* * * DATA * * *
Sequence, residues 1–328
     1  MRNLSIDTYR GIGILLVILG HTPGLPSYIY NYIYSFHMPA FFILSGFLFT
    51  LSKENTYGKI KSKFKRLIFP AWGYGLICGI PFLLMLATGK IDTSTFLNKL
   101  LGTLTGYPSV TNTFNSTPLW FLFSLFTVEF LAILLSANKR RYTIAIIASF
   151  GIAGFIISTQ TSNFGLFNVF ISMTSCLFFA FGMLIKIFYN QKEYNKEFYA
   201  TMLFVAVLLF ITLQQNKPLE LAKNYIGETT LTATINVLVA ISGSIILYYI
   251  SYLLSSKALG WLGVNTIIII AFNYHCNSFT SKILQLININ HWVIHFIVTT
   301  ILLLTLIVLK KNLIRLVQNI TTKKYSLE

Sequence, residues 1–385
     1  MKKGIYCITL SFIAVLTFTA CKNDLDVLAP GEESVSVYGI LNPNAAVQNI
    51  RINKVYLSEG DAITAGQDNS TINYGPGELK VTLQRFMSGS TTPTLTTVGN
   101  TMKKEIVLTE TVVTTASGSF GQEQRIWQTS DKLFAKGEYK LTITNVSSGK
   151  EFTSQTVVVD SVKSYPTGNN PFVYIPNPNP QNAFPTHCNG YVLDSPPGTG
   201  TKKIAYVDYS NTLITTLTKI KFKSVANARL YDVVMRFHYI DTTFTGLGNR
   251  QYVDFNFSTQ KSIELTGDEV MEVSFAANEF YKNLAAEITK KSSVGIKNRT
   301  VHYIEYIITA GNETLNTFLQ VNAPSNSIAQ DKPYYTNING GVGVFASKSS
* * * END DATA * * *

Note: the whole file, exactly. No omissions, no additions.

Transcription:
Sequence, residues 1–328
     1  MRNLSIDTYR GIGILLVILG HTPGLPSYIY NYIYSFHMPA FFILSGFLFT
    51  LSKENTYGKI KSKFKRLIFP AWGYGLICGI PFLLMLATGK IDTSTFLNKL
   101  LGTLTGYPSV TNTFNSTPLW FLFSLFTVEF LAILLSANKR RYTIAIIASF
   151  GIAGFIISTQ TSNFGLFNVF ISMTSCLFFA FGMLIKIFYN QKEYNKEFYA
   201  TMLFVAVLLF ITLQQNKPLE LAKNYIGETT LTATINVLVA ISGSIILYYI
   251  SYLLSSKALG WLGVNTIIII AFNYHCNSFT SKILQLININ HWVIHFIVTT
   301  ILLLTLIVLK KNLIRLVQNI TTKKYSLE

Sequence, residues 1–385
     1  MKKGIYCITL SFIAVLTFTA CKNDLDVLAP GEESVSVYGI LNPNAAVQNI
    51  RINKVYLSEG DAITAGQDNS TINYGPGELK VTLQRFMSGS TTPTLTTVGN
   101  TMKKEIVLTE TVVTTASGSF GQEQRIWQTS DKLFAKGEYK LTITNVSSGK
   151  EFTSQTVVVD SVKSYPTGNN PFVYIPNPNP QNAFPTHCNG YVLDSPPGTG
   201  TKKIAYVDYS NTLITTLTKI KFKSVANARL YDVVMRFHYI DTTFTGLGNR
   251  QYVDFNFSTQ KSIELTGDEV MEVSFAANEF YKNLAAEITK KSSVGIKNRT
   301  VHYIEYIITA GNETLNTFLQ VNAPSNSIAQ DKPYYTNING GVGVFASKSS